Internal EU report: Far-right terrorist attacks rise



Right-wing terror threats and their online hate ideology is rising in some EU states, according to an internal EU document.

“Activities from right-wing violent extremists are on the rise,” notes the 4 May document, addressed to national delegations, and seen by EUobserver.

The 12-page paper drafted by the EU presidency under Croatia provides a broad overview of terror threats emanating from returning foreign terrorist fighters, right-wing terrorists and – to a much lower extent – the far-left.

Broadly speaking, the overall terror threat in the EU remains elevated and unchanged, it says.

But the document still singles out right-wing extremists while highlighting fears Islamic militants may leave the camps in Northern Syria and mount attacks elsewhere.

“Lone actor attacks are predominant both in Islamist terrorism and in right-wing violent extremism,” it says.

As for what it describes as left-wing extremism, the threat “is considered stable and low.”

The document follows a slew of recent attacks by white nationalists against refugees and migrants in the Greek islands. Earlier this year, a far-right gunman shot dead nine Kurdish people in the German town of Hanau.

It also comes amid what the United Nation’s chief described late last week as a “tsunami of hate and xenophobia” unleashed by the pandemic caused by Covid-19.

EU home affairs commissioner Ylva Johansson recently issued her own warnings.

“Let’s hope that these terrorists have not been inspired by the virus to use even more, the biological weapons,” she told MEPs.

Target algorithms

The document aims to shape policy responses partly based on input from the EU’s police agency Europol and IntCen, the EU’s intelligence-sharing bureau.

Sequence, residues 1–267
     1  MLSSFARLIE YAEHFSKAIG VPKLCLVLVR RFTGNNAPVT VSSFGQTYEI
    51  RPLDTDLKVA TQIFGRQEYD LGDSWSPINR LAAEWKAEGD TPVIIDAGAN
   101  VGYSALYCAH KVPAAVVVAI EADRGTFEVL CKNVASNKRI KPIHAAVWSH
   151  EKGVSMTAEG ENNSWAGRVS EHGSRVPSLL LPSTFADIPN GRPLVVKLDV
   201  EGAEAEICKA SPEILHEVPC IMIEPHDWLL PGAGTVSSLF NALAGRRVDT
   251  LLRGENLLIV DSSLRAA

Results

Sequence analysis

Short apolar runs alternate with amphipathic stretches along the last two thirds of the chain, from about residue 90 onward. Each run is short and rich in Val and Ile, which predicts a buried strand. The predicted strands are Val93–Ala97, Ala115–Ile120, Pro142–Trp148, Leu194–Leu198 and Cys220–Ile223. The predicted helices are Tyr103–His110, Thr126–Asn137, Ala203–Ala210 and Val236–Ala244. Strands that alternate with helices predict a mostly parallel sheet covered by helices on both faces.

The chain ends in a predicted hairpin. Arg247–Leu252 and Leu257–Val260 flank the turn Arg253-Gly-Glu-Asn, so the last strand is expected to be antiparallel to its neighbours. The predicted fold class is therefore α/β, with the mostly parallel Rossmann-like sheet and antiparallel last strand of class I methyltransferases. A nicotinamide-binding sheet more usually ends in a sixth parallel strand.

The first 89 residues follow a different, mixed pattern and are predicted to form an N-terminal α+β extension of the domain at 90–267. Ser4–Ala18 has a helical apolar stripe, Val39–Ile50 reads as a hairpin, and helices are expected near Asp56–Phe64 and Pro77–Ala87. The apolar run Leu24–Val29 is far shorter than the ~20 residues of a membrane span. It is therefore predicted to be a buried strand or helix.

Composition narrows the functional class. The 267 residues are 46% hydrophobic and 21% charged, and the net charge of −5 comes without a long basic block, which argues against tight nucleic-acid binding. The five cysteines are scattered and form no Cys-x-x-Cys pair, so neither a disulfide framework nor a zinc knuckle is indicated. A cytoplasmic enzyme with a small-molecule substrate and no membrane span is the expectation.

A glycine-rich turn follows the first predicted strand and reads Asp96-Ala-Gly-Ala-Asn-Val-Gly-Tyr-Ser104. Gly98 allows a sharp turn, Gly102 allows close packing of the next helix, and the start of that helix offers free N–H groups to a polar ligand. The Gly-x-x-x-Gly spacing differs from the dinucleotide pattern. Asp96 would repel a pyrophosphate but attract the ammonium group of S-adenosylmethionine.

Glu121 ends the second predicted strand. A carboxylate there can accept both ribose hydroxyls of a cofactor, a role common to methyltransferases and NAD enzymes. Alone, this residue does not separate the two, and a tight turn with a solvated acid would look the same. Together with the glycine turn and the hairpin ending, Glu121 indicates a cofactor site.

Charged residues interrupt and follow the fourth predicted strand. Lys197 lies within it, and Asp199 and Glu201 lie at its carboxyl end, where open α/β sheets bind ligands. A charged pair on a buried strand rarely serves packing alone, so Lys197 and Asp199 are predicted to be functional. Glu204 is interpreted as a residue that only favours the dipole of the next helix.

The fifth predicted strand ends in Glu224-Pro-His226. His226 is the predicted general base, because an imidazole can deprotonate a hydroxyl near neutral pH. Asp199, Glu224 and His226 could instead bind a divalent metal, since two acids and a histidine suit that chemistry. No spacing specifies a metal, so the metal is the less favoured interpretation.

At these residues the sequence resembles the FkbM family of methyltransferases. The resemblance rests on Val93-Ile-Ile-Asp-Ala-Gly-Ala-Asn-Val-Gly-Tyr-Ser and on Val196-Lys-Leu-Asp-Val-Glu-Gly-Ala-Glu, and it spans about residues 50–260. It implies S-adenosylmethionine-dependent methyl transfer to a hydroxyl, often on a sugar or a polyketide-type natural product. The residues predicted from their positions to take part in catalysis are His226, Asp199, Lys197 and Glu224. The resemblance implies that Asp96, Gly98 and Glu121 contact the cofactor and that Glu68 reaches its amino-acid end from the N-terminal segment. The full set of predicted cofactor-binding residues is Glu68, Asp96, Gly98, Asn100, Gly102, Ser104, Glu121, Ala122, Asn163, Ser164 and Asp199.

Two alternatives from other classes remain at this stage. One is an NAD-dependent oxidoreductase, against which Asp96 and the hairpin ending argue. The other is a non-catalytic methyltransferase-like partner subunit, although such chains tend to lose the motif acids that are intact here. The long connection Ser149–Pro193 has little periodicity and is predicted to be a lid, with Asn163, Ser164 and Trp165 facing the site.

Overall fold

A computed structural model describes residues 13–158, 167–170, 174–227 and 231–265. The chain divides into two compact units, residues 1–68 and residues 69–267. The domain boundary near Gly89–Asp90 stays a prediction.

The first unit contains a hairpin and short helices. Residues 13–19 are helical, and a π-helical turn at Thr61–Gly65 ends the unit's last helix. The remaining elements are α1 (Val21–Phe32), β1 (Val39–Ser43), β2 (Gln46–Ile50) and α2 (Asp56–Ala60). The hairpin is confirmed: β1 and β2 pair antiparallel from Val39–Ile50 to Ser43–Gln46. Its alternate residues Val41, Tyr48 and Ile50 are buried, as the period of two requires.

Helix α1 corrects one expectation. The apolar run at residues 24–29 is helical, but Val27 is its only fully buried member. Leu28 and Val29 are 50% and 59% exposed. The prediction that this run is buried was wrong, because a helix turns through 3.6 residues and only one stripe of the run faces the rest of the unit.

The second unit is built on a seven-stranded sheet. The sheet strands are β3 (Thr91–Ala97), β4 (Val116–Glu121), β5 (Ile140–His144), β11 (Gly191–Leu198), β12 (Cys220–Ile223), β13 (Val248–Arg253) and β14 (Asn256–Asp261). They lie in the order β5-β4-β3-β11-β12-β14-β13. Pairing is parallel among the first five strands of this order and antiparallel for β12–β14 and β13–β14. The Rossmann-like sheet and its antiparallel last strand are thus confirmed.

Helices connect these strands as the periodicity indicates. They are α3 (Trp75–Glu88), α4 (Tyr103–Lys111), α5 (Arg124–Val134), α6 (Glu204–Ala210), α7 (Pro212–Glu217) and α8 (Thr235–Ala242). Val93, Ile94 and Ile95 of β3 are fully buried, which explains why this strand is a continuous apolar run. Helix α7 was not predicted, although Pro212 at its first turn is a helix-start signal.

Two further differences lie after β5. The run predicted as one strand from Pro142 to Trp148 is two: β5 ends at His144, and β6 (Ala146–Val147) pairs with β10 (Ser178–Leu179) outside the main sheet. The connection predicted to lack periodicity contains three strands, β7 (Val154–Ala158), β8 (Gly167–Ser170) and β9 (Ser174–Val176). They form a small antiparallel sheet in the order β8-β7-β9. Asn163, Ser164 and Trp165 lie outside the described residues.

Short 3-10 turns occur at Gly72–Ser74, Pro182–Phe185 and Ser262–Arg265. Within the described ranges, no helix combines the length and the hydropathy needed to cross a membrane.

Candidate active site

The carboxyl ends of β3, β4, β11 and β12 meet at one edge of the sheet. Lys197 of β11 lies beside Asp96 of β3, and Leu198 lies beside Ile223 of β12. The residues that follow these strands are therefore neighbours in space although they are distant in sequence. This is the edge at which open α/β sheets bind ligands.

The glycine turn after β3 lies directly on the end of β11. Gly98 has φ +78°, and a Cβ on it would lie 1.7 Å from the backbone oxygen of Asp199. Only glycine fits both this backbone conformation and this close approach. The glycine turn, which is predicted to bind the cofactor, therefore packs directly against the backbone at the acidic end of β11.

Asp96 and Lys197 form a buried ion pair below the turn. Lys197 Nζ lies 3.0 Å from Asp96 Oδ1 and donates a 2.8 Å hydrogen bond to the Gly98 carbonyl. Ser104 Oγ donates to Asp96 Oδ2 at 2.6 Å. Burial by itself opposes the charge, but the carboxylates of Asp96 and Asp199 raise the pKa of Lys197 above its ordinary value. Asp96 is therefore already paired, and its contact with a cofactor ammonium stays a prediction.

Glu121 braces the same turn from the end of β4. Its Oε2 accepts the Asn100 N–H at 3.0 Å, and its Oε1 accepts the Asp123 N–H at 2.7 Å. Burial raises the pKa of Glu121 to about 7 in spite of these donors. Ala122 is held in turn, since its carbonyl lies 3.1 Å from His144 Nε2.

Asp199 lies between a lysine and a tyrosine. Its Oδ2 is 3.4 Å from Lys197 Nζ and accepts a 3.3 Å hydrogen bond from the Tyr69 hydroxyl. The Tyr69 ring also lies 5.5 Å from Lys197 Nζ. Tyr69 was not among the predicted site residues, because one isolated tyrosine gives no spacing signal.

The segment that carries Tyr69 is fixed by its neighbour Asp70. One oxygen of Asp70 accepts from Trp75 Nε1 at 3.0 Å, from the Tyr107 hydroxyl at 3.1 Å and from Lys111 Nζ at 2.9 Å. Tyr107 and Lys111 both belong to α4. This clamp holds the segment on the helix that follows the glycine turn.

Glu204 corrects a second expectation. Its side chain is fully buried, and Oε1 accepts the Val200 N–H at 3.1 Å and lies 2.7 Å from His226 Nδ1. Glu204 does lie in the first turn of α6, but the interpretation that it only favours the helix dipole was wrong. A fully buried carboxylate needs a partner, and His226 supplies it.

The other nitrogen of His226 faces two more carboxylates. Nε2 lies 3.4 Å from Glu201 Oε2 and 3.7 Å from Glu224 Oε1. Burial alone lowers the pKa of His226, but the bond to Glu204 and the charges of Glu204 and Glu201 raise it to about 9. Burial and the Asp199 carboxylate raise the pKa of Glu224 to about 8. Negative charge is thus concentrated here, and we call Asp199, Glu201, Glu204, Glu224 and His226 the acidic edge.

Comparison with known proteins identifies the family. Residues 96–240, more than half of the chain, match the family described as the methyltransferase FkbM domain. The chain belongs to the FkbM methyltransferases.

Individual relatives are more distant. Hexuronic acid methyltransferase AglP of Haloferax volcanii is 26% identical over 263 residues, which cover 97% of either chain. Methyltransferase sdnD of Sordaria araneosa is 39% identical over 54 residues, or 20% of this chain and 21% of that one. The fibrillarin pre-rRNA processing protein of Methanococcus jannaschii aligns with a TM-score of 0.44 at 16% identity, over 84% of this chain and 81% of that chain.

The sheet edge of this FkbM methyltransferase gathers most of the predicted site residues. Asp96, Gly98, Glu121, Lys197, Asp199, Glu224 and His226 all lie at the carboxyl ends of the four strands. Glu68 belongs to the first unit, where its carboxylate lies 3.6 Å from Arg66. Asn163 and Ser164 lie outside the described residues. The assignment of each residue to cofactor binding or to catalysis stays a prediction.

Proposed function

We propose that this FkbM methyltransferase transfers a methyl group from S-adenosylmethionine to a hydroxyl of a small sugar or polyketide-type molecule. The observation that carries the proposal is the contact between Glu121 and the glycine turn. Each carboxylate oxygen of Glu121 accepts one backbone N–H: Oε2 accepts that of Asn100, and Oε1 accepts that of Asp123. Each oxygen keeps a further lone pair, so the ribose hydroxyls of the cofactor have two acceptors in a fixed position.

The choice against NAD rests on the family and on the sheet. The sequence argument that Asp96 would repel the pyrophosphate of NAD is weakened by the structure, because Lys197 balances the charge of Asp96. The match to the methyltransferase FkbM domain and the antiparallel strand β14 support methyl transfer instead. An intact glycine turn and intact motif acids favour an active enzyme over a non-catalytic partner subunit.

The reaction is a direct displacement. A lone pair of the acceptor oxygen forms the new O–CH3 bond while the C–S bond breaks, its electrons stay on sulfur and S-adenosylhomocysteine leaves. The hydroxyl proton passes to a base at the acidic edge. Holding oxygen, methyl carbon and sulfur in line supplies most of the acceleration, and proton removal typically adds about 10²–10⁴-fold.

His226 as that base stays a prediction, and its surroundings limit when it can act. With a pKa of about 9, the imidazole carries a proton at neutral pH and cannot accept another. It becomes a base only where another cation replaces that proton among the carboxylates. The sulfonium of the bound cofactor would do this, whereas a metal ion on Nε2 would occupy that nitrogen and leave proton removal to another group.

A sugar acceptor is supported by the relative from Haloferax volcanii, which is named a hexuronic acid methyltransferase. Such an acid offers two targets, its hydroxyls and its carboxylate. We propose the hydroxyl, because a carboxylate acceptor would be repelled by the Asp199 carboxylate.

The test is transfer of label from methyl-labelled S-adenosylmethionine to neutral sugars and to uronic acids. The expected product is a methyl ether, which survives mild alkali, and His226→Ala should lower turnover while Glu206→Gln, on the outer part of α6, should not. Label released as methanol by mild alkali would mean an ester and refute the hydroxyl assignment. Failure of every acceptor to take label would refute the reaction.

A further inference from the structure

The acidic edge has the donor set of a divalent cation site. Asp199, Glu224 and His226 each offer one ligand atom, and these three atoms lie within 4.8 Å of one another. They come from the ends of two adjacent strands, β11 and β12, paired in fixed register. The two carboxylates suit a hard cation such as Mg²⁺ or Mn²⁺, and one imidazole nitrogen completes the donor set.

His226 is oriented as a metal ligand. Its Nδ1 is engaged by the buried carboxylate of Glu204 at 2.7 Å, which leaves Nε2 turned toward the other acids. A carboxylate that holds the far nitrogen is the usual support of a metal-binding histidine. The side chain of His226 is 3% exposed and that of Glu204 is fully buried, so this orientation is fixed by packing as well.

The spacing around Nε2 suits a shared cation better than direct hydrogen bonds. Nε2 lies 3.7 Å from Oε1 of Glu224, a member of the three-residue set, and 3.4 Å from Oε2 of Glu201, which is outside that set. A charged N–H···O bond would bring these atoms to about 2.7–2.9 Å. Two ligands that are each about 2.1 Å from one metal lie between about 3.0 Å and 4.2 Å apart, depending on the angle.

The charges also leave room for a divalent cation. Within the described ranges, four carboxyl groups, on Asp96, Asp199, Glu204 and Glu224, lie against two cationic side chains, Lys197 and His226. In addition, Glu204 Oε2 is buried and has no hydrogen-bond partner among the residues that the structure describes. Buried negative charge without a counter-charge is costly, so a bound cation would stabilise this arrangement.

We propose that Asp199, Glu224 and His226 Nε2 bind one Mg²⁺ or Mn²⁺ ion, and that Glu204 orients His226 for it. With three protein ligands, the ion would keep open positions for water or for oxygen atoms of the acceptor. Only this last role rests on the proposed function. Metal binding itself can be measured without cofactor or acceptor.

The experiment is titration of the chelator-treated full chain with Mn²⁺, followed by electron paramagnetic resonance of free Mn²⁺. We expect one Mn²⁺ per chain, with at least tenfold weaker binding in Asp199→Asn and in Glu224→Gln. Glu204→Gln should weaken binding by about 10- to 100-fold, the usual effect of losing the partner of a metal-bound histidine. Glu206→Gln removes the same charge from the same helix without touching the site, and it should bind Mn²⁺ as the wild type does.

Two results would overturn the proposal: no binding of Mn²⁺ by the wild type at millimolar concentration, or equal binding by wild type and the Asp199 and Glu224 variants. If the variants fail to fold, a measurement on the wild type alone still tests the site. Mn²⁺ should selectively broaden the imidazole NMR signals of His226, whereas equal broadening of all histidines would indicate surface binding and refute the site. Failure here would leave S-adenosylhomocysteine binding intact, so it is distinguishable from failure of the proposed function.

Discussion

Those inputs were made prior to the coronavirus outbreak – meaning the threat risks linked to the pandemic have yet to be fully understood.

Meanwhile, the document has put forward a number of policy recommendations amid suggestions social media giants tweak their algorithms.

“The impact of algorithms and their contribution to polarisation in society and violent radicalisation leading to violent extremism and terrorism, including the spread of right-wing violent extremist ideology also needs to be addressed,” it states.

It also demands that the special internet unit inside the EU’s police agency, Europol, starts flagging violent right-wing extremist content online.

For its part, the European Commission has circulated a questionnaire to the EU states mapping out how they tackle right-wing extremism.

Those responses will then feed into an overview to be presented to the EU Council before the end of the year.

The commission also wants to shore up anti-terror rules by expanding the protection of critical infrastructures.



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